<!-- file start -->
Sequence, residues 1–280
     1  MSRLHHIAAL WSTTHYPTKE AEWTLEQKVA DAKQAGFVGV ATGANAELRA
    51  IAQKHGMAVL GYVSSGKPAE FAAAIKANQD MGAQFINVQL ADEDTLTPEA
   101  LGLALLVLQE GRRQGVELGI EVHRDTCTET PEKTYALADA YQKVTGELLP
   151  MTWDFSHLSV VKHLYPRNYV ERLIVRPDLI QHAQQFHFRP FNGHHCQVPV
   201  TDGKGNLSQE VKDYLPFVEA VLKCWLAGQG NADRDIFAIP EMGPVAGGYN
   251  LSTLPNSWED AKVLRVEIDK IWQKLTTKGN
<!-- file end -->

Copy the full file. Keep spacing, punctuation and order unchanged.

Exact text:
Sequence, residues 1–280
     1  MSRLHHIAAL WSTTHYPTKE AEWTLEQKVA DAKQAGFVGV ATGANAELRA
    51  IAQKHGMAVL GYVSSGKPAE FAAAIKANQD MGAQFINVQL ADEDTLTPEA
   101  LGLALLVLQE GRRQGVELGI EVHRDTCTET PEKTYALADA YQKVTGELLP
   151  MTWDFSHLSV VKHLYPRNYV ERLIVRPDLI QHAQQFHFRP FNGHHCQVPV
   201  TDGKGNLSQE VKDYLPFVEA VLKCWLAGQG NADRDIFAIP EMGPVAGGYN
   251  LSTLPNSWED AKVLRVEIDK IWQKLTTKGN